If I had to explain conceptual art, or even all art, it is not exactly what it makes you think but what it makes you feel.
Wifredo Lam (1902-1982) sits somewhere just outside Surrealism in a Dali-esque hinterland – his most well-known style incorporates a profound fascination with the Afro-Cubanism of his youth and heritage and the years spent deeply imbedded within surrealist circles, most notably a long friendship with Andre Breton.
This embodies the core of his retrospective, a style he only started to discover in his forties when he returned to Cuba, rooted in a most interesting life.
Lam was active as a propaganda draftsman in the Spanish Civil War for the Republicans and fell in with the Surrealists in France as they all grouped together to escape encroaching German control in 1940.
The exhibition is chronological and is much larger than you might think for an artist who was quite modestly remembered by history.
To commit yourself to it, to really feel the passing of time when you try to examine everything; his works, exhibition posters and personal photographs, you see the life of a human being grow and fade in such a painfully short time.
Spending time in the exhibition is no hardship. Looking at a photograph of Lam in Madrid looking young and dandyish, it began to feel like paying one’s respects.
He found love young in Spain and married, but tuberculosis took both his wife and young son two years later.
It might be thought that this bereavement began to manifest in his art, but he decided to tap into his Cuban heritage, creating naïve portraits in a style visibly influenced by Picasso, whom he had befriended.
His is a life told through changing artistic style and place. Lam moved first from Cuba to Spain, Spain to France, France to Martinique and Martinique back to Cuba.
Through the exhibition you understand how important Afro-Cubanism is to him – a culture rooted in the West-African heritage of Cuba, mixing Catholicism, culture and pagan ritual (Voodou).
There is also an inherent symbiosis of Surrealism and the mysticism of Voodou
This rediscovery seems connected to his relatively nomadic life which, while sometimes hard to sympathise with, can be understood.
The farther away one is from one’s identity, the more passionately it may be evoked through actions, artistic or otherwise – arguably this could have been inevitable because of Lam’s lineage.
With a Chinese émigré father and a half Congolese mixed-race mother, is it possible that he never felt like he belonged during his travelling years?
It always seems that you must travel halfway round the world to find that your heart yearns for home.
His work, now strongly influenced by the contorted semi-humans of other Surrealist painters with whom he had mingled in Paris and Marseille, began creating not bucolic images of the beauty of Cuba, but expressions of ritual, culture and history.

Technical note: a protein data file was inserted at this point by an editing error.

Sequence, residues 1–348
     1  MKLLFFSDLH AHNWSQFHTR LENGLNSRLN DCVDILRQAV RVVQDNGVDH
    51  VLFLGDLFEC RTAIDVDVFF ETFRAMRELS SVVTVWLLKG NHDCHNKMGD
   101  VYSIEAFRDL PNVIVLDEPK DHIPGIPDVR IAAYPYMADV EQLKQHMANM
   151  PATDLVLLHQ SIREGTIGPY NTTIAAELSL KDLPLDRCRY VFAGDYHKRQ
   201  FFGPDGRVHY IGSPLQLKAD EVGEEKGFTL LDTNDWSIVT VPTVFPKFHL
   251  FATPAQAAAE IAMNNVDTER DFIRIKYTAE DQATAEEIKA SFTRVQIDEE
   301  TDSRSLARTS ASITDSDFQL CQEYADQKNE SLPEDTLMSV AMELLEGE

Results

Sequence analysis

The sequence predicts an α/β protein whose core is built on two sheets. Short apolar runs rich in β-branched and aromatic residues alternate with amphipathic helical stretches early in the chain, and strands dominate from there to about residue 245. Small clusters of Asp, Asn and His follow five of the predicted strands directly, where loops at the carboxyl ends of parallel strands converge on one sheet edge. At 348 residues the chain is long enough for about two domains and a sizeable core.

His piece The Eternal Present depicts “the paradise that foreigners seek in Cuba, a land of pleasures and sickly-sweet music”. This is epitomised by one specific woman; a hazy mirage of a Cuban Venus.
His mural-like paintings which he begins to create in Cuba seem to draw together so much of his life.
They are dark and earthy and depict somewhere part mystical and hallucinogenic, part subconscious and emotional. Lam’s Grande Composition recalls Guernica by Picasso.
Is Surrealism’s purpose to confront the inexpressible? The trauma of war or our Freudian, hidden motives and desires? Possibly, given that Sigmund Freud had a strong influence on Surrealist writings and art.
There is also an inherent symbiosis of Surrealism and the mysticism of Voodou (voodoo) that Lam represents in his work.
Both feel otherworldly and often concern the things that lie just beneath the mundaneness of life. When back in Havana he is known to to have said: “All art is tragedy.”
There are echoes of Ibrahim El-Salahi, a Sudanese artist whose work Reborn Sounds of Childhood Dreams I usually sits opposite Lam’s The Eternal Present in the fantastic Surrealist section of Tate Modern since the new wing was opened.
There is such a similarity between their styles that one can’t help but think that somewhere, long ago in our history, the art and ritual invented by our common African ancestors (which is still alive today), was as intuitive about our inner-selves as that which, only a century ago, we were just beginning to rediscover.
The EY Exhibition: Wifredo Lam is on until January 8, 2017
The featured image shows Wilfredo Lam’s work Bélial, Emperor of the Flies (1948). All images courtesy of Tate Modern